Q: has any economic index been developed to include the work done by homemakers in an adjusted GDP?
R: Yes, some efforts have been made to quantify and include the value of household work, such as that done by homemakers, in economic measures. For instance, the Bureau of Economic Analysis (BEA) in the United States publishes a satellite account that estimates the value of production by households[^1^]. This kind of account typically involves measuring the value of services that households perform for themselves, like cooking, cleaning, and childcare, which are not captured in traditional GDP calculations.
However, it’s important to note that these adjusted measures are not commonly used or accepted as the standard way of measuring a country’s economic output. Traditional GDP still excludes most home production and other “non-market” activities[^2^].
Overall, while there are methods to account for the economic value of homemakers’ work, they haven’t been universally adopted or integrated into the primary economic indicators used globally.
- 1: Bureau of Economic Analysis - Household Production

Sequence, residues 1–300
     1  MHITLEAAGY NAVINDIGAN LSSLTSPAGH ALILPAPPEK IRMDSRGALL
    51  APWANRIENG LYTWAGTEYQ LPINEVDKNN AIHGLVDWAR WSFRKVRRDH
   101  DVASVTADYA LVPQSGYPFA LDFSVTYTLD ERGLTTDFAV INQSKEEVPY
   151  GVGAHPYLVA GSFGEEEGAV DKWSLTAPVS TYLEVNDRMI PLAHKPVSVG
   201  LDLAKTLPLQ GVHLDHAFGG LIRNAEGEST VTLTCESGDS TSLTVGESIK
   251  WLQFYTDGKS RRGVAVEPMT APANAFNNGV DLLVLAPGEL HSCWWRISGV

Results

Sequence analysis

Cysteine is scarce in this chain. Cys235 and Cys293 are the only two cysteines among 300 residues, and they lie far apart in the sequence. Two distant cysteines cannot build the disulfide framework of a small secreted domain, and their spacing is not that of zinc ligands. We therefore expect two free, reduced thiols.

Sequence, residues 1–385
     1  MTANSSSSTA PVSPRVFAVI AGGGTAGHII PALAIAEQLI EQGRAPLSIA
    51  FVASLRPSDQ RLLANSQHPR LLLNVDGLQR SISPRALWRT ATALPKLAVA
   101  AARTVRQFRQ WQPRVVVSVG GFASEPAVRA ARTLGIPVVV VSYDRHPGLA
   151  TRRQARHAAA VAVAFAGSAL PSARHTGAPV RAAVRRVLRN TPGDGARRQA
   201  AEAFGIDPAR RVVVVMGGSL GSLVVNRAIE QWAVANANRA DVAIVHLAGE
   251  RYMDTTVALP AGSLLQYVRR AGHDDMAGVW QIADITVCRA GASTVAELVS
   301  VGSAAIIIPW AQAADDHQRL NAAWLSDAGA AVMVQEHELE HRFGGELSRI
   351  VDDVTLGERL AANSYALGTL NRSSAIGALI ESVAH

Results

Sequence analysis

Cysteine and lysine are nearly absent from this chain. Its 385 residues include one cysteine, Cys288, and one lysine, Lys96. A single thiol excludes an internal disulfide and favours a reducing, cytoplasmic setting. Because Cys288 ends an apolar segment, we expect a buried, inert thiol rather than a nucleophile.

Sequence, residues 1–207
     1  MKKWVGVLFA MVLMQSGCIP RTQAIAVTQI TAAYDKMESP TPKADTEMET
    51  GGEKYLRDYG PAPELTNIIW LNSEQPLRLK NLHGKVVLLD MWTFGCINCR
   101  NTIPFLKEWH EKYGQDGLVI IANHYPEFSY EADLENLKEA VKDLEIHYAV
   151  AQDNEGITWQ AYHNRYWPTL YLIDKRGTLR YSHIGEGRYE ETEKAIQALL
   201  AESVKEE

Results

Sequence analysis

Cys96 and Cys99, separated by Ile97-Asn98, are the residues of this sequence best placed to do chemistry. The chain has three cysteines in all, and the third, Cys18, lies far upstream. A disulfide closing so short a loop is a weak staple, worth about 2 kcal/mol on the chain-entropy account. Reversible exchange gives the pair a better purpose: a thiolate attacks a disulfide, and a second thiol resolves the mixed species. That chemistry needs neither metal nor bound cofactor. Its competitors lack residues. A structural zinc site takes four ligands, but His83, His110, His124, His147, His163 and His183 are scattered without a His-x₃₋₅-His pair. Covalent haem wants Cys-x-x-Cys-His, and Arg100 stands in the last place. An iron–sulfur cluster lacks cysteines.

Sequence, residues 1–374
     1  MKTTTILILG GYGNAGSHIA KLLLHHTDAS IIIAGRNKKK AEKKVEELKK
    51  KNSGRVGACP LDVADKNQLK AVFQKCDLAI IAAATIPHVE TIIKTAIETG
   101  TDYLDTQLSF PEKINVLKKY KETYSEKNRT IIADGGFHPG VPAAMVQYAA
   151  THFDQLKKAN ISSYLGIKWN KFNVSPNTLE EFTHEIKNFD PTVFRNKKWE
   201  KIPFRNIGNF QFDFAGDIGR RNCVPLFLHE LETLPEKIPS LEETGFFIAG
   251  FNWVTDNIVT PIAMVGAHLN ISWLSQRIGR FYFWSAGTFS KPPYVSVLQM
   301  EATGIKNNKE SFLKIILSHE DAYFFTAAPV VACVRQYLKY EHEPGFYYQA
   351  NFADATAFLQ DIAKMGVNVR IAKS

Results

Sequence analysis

- 2: Brookings - GDP as a Measure of Economic Well-being
Q: Summarize Bureau of Economic Analysis - Household Production
R: During the COVID-19 recession in 2020, household production experienced a significant increase, providing some economic relief during the challenging period. This rise was largely driven by individuals, particularly women, transitioning from employment to nonemployment. As the pandemic forced people to stay home, activities typically done outside, such as shopping and travel, decreased. In contrast, in-home tasks like cooking and housekeeping saw an uptick.
Interestingly, despite the widespread closure of in-person schooling and daycare, childcare did not see a significant increase within demographic groups. This might be due to the redistribution of childcare responsibilities among family members or the use of remote learning.
The value of this increased household production, when evaluated using the wages of household workers, also rose during the COVID-19 recession. This reflects the economic value of the often undervalued work done within homes.
However, it’s important to note that over the long term, the size of household production relative to market production has been on a decline, notwithstanding the temporary surge in its importance during 2020. This trend may reflect broader societal shifts towards increased formal employment and the outsourcing of traditional household tasks.